Immigration Bill Opens Door for ‘Rumpelstiltskin’ Terrorist, Fmr. DOJ Counsel Testifies

April 23, 2013 - 12:21 PM

At Monday’s Senate hearing on the immigration reform bill, former counsel to U.S. Attorney General John Ashcroft warned that flaws in the bill would make Americans much more vulnerable to terrorism.

Kansas Secretary of State Kris W. Kobach, a former Counsel to United States Attorney General John Ashcroft, told the Senate Judiciary Committee hearing that the bill doesn’t require any type of government-issued documentation for background checks – so, a terrorist can just make up a name, like Rumpelstiltskin:

“The background check provisions of the bill in Section 2101(b)(8) contain no requirement that amnesty applicants actually provide government-issued documentation proving who they say they are. That means that any illegal alien can invent a new name with a totally clean record and present that name when applying for the amnesty.”

“Immigration officials will have absolutely no way to force the alien to disclose his real identity. In other words, an alien who has a terrorist background can call himself “Rumpelstiltskin” without having to prove that that is his real name.

“Indeed, under Section 2101(b)(12), the terrorist alien gains a new photo-ID document issued by the federal government that gives credibility to his fictitious identity. He also gains legal immigration status and the ability to travel outside of the United States to coordinate with international terrorist groups and then to return to the United States.”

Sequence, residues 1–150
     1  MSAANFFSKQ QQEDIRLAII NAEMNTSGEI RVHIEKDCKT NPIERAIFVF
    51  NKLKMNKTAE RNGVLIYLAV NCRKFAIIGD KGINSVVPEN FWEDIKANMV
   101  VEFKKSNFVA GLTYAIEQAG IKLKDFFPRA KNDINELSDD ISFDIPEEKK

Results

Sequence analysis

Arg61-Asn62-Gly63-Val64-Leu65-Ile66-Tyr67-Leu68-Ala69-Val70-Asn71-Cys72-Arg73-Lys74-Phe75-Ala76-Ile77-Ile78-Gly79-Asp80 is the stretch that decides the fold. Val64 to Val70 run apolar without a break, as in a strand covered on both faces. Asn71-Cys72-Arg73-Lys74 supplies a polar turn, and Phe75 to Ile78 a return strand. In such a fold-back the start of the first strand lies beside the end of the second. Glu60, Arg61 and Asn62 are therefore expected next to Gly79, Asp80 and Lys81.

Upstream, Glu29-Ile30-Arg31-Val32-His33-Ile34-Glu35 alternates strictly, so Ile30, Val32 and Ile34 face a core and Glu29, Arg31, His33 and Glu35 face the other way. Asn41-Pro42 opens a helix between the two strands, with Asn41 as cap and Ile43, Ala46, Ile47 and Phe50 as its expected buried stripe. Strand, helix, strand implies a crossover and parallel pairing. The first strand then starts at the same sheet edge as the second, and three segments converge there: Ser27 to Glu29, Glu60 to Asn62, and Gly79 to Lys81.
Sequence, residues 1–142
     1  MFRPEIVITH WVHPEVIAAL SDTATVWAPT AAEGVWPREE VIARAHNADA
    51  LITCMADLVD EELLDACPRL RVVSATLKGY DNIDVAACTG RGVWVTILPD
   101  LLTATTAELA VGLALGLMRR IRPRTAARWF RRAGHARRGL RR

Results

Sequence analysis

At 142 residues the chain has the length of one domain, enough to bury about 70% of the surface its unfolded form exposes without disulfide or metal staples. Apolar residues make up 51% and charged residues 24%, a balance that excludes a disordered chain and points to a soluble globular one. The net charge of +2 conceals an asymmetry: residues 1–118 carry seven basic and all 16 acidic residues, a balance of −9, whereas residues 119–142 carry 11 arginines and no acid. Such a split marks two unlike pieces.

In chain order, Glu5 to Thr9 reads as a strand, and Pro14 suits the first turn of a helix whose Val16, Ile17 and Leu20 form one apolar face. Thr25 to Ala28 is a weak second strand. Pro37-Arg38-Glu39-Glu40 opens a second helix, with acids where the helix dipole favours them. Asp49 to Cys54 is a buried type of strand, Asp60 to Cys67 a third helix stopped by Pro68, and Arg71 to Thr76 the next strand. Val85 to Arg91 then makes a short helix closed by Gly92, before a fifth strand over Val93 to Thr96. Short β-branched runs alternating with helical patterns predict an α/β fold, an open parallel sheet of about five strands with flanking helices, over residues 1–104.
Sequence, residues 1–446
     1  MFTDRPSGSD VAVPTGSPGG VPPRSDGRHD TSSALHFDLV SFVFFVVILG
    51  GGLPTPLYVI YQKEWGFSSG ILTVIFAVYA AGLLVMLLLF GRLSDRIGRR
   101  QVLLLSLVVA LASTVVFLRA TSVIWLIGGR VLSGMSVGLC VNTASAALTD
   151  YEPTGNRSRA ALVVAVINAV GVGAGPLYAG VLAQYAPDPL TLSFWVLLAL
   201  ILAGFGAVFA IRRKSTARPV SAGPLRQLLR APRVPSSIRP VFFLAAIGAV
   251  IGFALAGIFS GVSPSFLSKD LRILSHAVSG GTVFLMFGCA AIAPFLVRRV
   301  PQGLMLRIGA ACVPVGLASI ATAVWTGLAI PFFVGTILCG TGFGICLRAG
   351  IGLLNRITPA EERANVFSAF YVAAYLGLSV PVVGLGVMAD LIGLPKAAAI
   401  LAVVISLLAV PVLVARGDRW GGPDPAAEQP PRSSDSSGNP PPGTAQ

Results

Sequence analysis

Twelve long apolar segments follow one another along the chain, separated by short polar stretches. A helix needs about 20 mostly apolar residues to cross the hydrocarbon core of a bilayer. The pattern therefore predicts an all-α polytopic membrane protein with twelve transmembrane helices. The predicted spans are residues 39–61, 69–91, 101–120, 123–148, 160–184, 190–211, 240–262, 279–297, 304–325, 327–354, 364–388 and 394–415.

Kobach said the Boston Marathon bombing is an example of the types of dangers posed by the immigration bill:

“As marathon bomber Tamerlan Tsarnaev demonstrated, an alien’s ability to travel internationally and gain terrorist training before returning to the United States can have deadly consequences for innocent Americans.

Kobach said Tsarnaev was subjected to – and passed – “far more scrutiny” than the bill would require illegal aliens seeking amnesty to undergo:

“It should also be pointed out that even if a terrorist uses his real name when seeking the amnesty, a background check is in most cases unlikely to produce information sufficient to stop the granting of legal status.

“Again, the case of Tamerlan Tsarnaev illustrates the point. Although Tsarnaev entered the country legally, he was compelled to undergo background checks similar to those that amnesty applicants would undergo. Tsarnaev cleared those background checks. He was also interviewed by FBI agents in 2011 at the request of a foreign government. The FBI found no links to terrorism and released him. That is far more scrutiny than applicants for the amnesty offered by this legislation would receive.”

What's more, even the current immigration system hasn't always prevented terrorists from gaining amnesty, he noted:

"The United States has granted amnesty to terrorists before. That is exactly what happened in 1986 when we last granted an amnesty to millions of illegal aliens. Under that amnesty, the United States granted legal status to Mahmoud "The Red" Abouhalima, who fraudulently sought and obtained the amnesty for seasonal agricultural workers.

"He was actually working as a cab driver in New York City. He was a ringleader in the 1993 terrorist attack against the World Trade Center, and he used his new legal status to travel abroad for terrorist training. His brother Mohammed, another participant in the 1993 attack, also gained legal status under the 1986 amnesty."

Read full Kobach testimony PDF

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